Esme asks: I’ve dated Mr Unavailables pretty much since my teens (I’m mid-thirties now) and while it’s definitely hurt when things haven’t worked out, I’ve always been able to get back into dating within a few weeks, even if we were together for more than a year. Well, at least that was the case until my most recent ex. I honestly don’t know why it’s taking me so long to move on—we weren’t together for very long (about 5 weeks) and I wasn’t as into him as my other exes and I definitely don’t want him back. Nothing has worked and just going on Tinder or contemplating the idea of being with someone again induces anxiety. I feel paralysed and as if I don’t have the stomach for dating anymore. I’ve cried more over this last few months than I have in all of my dating years combined and I don’t even know what I’m crying about. What is going on with me? Will I be able to date again?
I have a friend whose dad went out to his favourite restaurant and had the same meal he’d been having for years, only for him to find himself in an ambulance after having a severe reaction to shellfish. Ten years on and he hasn’t been able to eat shellfish again and he’s also become intolerant to another favourite of his, sweetcorn. Everyone’s tolerances are different and sometimes we hit our capacity for certain things and our bodies say no more.
Over the years, Esme, life has tried to give you hints of varying sizes about the men you’re dating. For a time, you were able to get away with dating emotionally unavailable men, probably able to compartmentalise your various involvements and distract yourself with attention from a new guy.
Jumping from one involvement to another and never really allowing your emotions to surface has caused you to get more than a little ‘backed up’ and imbalanced. Those emotions that you’ve suppressed and repressed didn’t disappear and die. They have all been stored away and avoiding feeling and systematically putting you through the cycle of unavailable relationships has taken its toll. You have maxed out. You have hit your inner capacity for Mr Unavailables and it’s resulted in an outpour of emotion.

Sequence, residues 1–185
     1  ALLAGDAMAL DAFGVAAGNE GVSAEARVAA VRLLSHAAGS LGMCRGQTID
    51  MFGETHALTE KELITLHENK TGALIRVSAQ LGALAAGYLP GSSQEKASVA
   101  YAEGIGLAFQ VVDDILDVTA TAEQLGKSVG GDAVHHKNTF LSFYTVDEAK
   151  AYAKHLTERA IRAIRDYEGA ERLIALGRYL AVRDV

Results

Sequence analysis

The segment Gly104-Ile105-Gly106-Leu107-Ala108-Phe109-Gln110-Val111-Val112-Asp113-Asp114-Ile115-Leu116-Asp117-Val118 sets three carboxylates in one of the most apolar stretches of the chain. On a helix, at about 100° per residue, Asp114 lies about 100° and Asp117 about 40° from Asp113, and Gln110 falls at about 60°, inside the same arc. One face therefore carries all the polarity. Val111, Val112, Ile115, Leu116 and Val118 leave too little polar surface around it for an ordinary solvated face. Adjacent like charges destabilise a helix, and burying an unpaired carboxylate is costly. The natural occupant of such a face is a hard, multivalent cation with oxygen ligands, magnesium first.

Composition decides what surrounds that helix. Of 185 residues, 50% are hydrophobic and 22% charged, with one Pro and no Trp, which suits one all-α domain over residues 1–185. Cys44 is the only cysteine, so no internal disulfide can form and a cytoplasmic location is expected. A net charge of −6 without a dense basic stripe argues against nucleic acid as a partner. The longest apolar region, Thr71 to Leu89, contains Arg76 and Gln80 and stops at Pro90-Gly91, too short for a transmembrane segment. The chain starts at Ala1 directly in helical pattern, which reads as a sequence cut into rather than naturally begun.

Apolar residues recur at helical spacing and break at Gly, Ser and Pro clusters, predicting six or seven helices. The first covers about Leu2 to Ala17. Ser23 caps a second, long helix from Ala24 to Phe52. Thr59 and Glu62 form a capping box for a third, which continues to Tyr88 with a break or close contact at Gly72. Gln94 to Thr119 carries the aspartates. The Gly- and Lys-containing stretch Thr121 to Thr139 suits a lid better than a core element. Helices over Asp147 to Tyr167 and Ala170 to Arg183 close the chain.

I get the impression that you want this all to go away so that you can get back to ‘normal’. You say that you don’t know what you’re crying about and this means that you’ve either buried your feelings and thoughts on past experiences for so long that you’ve forgotten that you buried them, or you on some level know what this is about but are playing it down.
It may be that you have normalised the unavailable relationship experience so much that while on one hand you recognise that you always go out with Mr Unavailables, on the other hand you haven’t made the connection between your habit of doing so and how you feel about love, relationships and yourself. It’s as if you had almost accepted that Mr Unavailables were the status quo and you weren’t expecting to be with anything different. It might feel like ‘home’ because it’s familiar from childhood.
It’s not that you don’t have the stomach for dating anymore; it’s that you don’t have the stomach for your pattern.
You don’t have the stomach for putting you through the spin cycle of being in relationships that are capped in terms of availability—they’re limited in intimacy, commitment, balance, progression and consistency (the landmarks of healthy relationships).
Imagine working long hours for years and years without taking proper time to rest. What do you think that life would do to force you to take time out? Probably make you so ill that you can’t do a damn thing and you’re forced to learn how to take care of your overworked body.
You’ve been so busy moving from one relationship to another that you haven’t stopped to pause and just be. Were you afraid that if you didn’t date and you instead spent time on your own or let your feelings surface, that it would be too confronting and that you couldn’t cope?